A persistant rsync wrapper written in Python
Save a config file and then synchronise your remote and local folders/files. This project is an effort to centralise a sync approach, configure once, add options, and make it simple.
To do this using orite run:
To do this using rsync run:
rsync --human-readable --info=flist --stats --archive --verbose --partial -ic --progress --dry-run /Users/username/Documents/websites/site_name/stack/folder/ firstname.lastname@example.org:/home/stack/folder --exclude-from="exclude.txt"
ōrite is a Māori word for ʻthe same’
It's pronounced like this rather than ‘oh-right’.
FTP apps like Transmit and Cyberduck are good apps and can synchronise content, but they are slow.
The CLI tool rsync is brilliant for this purpose in that it is lightning quick. The problem is that there is a lot to type in. There are a lot of flags to remember, as well as the username, IP address, the remote path, and the exclude file path. I also find it hard to remember to include a slash on the local and exclude a slash on the remote path. Meaning one can copy the entire repo into the wrong folder or just loose amongst your other stuff.
I used to do this kind of thing using Git and a Python library called fabric. Running the fabfile would commit, push, login to the remote server and then pull and restart. Whilst it was accurate it was a little clunky and again not super fast. I moved on from that to running a straight shell script. I ended up with variations of this script in each folder I made.
This is where orite came in.
pip3 install orite
Or download the orite folder and alias orite.py in your bash profile.
alias orite='python3 path-to-orite-folder/orite.py'
If you don’t have pip.
sudo easy_install pip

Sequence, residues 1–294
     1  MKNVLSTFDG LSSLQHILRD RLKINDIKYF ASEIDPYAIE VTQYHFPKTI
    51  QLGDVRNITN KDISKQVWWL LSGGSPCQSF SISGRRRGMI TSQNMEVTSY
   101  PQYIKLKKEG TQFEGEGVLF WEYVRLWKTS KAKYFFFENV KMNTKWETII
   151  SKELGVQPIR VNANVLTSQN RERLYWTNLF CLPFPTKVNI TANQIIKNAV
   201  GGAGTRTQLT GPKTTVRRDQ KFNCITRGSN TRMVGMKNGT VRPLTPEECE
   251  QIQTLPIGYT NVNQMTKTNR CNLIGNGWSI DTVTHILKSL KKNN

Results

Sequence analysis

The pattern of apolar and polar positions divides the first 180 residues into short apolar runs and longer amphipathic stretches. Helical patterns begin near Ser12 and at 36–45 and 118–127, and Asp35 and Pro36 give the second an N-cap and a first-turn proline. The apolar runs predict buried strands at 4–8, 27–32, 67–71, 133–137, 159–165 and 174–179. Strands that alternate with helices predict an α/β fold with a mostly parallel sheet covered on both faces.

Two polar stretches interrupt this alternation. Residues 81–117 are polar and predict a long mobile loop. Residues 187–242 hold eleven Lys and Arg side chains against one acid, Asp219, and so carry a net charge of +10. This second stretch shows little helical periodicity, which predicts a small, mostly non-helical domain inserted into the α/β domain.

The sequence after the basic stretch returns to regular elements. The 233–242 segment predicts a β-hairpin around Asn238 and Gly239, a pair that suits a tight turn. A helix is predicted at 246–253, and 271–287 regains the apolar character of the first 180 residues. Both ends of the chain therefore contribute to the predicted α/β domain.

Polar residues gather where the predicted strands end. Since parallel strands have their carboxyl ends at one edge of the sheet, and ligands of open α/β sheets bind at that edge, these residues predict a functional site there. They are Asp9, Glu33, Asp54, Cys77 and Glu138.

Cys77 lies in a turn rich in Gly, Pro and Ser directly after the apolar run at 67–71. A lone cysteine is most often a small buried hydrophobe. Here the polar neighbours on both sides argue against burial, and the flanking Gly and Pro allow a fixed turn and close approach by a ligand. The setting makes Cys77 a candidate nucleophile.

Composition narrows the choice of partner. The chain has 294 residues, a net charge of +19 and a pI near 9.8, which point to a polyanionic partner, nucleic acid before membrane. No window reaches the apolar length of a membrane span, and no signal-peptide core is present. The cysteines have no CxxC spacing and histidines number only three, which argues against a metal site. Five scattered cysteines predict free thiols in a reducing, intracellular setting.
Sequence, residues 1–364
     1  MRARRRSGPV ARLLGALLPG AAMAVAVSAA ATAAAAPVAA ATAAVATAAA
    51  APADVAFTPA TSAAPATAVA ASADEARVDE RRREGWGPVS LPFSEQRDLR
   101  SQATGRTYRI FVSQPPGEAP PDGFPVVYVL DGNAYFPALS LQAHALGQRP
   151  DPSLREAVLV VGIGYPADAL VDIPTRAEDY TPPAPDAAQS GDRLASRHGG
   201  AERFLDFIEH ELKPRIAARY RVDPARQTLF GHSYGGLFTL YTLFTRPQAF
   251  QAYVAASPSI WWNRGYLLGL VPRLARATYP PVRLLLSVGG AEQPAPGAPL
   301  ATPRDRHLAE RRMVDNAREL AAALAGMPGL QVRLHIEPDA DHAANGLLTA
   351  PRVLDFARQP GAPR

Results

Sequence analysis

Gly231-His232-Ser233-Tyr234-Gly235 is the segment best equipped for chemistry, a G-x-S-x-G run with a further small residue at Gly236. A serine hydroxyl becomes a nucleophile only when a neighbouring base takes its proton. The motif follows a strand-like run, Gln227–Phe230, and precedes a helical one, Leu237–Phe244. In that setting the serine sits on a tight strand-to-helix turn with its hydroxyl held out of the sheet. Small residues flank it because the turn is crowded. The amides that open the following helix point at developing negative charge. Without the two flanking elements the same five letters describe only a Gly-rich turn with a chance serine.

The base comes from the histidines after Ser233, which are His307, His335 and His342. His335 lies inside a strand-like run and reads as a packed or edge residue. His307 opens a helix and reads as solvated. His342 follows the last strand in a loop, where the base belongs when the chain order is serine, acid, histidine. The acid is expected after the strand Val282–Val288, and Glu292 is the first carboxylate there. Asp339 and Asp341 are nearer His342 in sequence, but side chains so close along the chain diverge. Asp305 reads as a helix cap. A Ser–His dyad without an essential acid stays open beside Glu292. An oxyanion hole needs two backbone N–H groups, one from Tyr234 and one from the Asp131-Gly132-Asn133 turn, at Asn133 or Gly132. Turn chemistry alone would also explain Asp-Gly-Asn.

You will also be required to have Python 3 installed.
pip3 install orite --upgrade --no-cache-dir
How to run?
Run orite in the directory above the folder that you would like to sync.
If you haven't used orite in this directory you will be prompted to lay down a config file and a exclude file.
By default, orite will run in dry-run mode. Use the
-r flag to override this and do a sync for real.
The help menu can be seen using
This will output the following optional arguments:
-h, --help show this help message and exit -s, --sections Print the section of the config file to the screen -v, --remote_to_local Download. Sync the remote folder to the local folder. Think of -v as a down arrow. -^, --local_to_remote Upload. Sync the local folder to the remote folder. Think of -^ as an up arrow. -d, --dry_run Do a dry run. This is the default -r, --for_real Not a dry run, do it for real --ssh Login using SSH --sftp Login using SFTP -C, --initial_copy Copy the local folder for use in diff. -R, --remote_to_remote_copy Sync the remote folder to the local remote copy -D, --diff Compare the local folder to the local remote copy
Multiple servers – one config file
You can enable the config file to have more than one server or folder location. For example, my DEFAULT folder is my Django install and in a very separate location is my CSS folder.
orite -^ will upload (in dry-run mode) to my DEFAULT setting, and
orite CSS -^ will upload to my CSS section settings.
Open the config file in your text editor. Add a section label at the bottom like so
Then add the
path_to_local_folder = /path/ on the next line and
path_to_remote_folder = /path/ to the line after. If your CSS settings are on the same server as your DEFAULT settings then you don't need to add those details again. Needless to say that if they are on a different server than add those settings to this section too.
Add as many sections as you like.
orite -s to get a print out of all the sections in your config file.
Use orite with
watch and have it watch a local directory for changes.
watch -d 'ls path-to-dir/css/ | orite CSS -^'
If you are on a Mac and don't have watch in your CLI. Install it with Homebrew.
brew install watch
For a brief overview of watch use
watch -h and read something like this
For more issues and suggested enhancements check out the issues tab.